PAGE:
The Mosquito Problem & Other Stories *****
Directed by Andrey Paounov
Bulgaria, 2007, 58 minutes
In the Bulgarian city of Belene, everyone talks about the “zanzar” problem — a particularly vicious mosquito with a very painful bite. Perhaps the reason everyone talks about mosquitoes is to avoid thinking about the past, and the dark history of what happened on a nearby island during the Communist era. With a delightful eye for the eccentric, the unexpected and the tragic, Andrey Paounov (Georgi and the Butterflies) presents a witty and disturbing documentary about a haunted corner of the world and its colorful inhabitants. (Sundance Channel capsule)
I love this documentary, which I caught while flipping through channels one night. Though at first I wasn't sure what it was about - or even if it was a documentary - because of the way it jumps all over the place, like a jigsaw puzzle that asks the viewer to put the pieces together to form a whole.
What an unusual film - I don't think I've ever seen anything quite like it (well, maybe Errol Morris' Vernon, Florida). It feels, as one commentator put it, less like a doc and more like a series of set pieces staged by Wes Anderson - or Antonioni, for that matter. Maybe that's because it has a dreamlike quality to it and, while recording real people, it definitely chooses to stage them ahead of time to maximize each "set piece." It sure ain't Wiseman's fly-on-the-wall verite style, that's for certain. But director Andrey Paounov does achieve some of the most stunning images I've ever seen (a horse galloping around an abandoned prison, cheerleaders with pom-poms and cowboy boots performing pro-nukes choreography inside a dour meeting room, Belene's lone Cuban citizen playing his guitar outside a dormant nuclear power plant, children chasing after a truck that engulfs them in pesticide, etc.) I don't know who his DP was, but he/she has quite an eye, as the framing is imaginative and the cinematography is breathtakingly beautiful.
Images from The Mosquito Problem:
Belene's lone Cuban serenades the power plant
Todor Pdrnikov plays Chopin on a rinky-dink piano
The scenes at the former concentration camp (or "re-education camp" as it was known under the Communist regime) turned prison on Belene Island are the film's strongest. It's like a ghost town, home to a horse, a pig, some dirty pigeons, and a lone prisoner, Ahmed Hasanov, a murderer who seems to be a pretty mellow fellow. Oh, and it's also home to hosts of mosquitos! (Which seems unavoidable, as Belene is situated on the mosquito-friendly marshy banks of the Danube river.)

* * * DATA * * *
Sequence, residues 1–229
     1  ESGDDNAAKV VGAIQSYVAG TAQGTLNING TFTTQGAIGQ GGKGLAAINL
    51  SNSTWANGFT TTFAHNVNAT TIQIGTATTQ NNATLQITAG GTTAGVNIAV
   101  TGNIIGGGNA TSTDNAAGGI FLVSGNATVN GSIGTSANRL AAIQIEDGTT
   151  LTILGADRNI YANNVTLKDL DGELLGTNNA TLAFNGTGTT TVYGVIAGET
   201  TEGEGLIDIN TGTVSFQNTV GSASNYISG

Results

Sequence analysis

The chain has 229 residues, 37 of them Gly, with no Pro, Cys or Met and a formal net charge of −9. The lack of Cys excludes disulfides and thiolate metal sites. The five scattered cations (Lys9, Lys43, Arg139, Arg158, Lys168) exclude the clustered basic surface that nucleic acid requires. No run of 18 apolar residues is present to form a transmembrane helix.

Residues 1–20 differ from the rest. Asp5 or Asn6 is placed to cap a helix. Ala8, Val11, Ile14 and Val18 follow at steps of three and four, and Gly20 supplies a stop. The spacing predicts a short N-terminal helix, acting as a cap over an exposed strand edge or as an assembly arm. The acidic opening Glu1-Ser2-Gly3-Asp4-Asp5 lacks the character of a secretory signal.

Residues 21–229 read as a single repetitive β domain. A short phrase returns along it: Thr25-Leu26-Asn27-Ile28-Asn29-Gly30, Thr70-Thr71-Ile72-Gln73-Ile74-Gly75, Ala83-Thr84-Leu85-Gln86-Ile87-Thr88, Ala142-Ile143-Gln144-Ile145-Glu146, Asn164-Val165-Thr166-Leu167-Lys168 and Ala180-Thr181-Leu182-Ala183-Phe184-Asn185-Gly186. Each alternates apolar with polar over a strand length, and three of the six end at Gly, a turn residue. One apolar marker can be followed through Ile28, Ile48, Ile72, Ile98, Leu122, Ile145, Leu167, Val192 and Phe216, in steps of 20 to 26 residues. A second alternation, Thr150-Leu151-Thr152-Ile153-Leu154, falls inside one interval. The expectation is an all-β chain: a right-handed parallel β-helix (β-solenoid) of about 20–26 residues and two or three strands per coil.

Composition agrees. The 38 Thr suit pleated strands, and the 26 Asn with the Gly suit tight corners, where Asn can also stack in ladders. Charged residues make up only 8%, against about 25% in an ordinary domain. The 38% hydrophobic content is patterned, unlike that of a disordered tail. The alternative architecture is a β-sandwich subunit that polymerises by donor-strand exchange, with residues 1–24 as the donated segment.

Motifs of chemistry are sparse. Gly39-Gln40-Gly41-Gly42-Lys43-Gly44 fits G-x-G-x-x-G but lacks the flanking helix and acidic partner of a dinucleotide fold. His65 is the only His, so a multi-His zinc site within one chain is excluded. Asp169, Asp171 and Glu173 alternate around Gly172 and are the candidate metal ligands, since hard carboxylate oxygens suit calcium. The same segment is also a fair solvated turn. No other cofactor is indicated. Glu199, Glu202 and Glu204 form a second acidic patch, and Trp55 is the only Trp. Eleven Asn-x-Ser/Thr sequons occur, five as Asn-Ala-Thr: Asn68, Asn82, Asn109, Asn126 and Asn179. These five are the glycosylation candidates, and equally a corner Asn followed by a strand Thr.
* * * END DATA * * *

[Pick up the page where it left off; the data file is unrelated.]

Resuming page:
Apparently Bulgaria's switch from Communism to Capitalism brought promises of employment for Belene's citizens at a much-ballyhooed power plant (locals even engraved the nuclear power plant logo on buildings and restaurant dishes), but the plant - which at one time had thousands of workers from the former Soviet Bloc and friendly communist nations like Cuba and Vietnam - was never completed. Construction was halted in 1990 in the wake of a national economic crisis; the plant's demise kept the townsfolk in limbo, while Belene's population dwindled to under 10,000 inhabitants. That's the socio-economic-political backstory to the film, but I found it most interesting in its celebration of the individual eccentrics. Like the pianist who talks about why Chopin was the most Slavic of composers, or the daughter of a prison guard convicted of abusing prisoners who talks about how much she loves her mother.
According to his bio, director Andrey Paounov was born in 1974 in Sofia, Bulgaria, and has worked "as a bartender in Prague, a cook in Washington DC, a gardener in Toronto, a boom operator in New York and an accounting clerk in San Francisco." He graduated from the National Academy of Theatre and Film Arts in Sofia, Bulgaria in 2000. His first documentary feature, Georgi and the Butterflies, won the Silver Wolf at IDFA in 2004. The Mosquito Problem & Other Stories is his second feature-length film. And without a doubt a buzz-worthy one.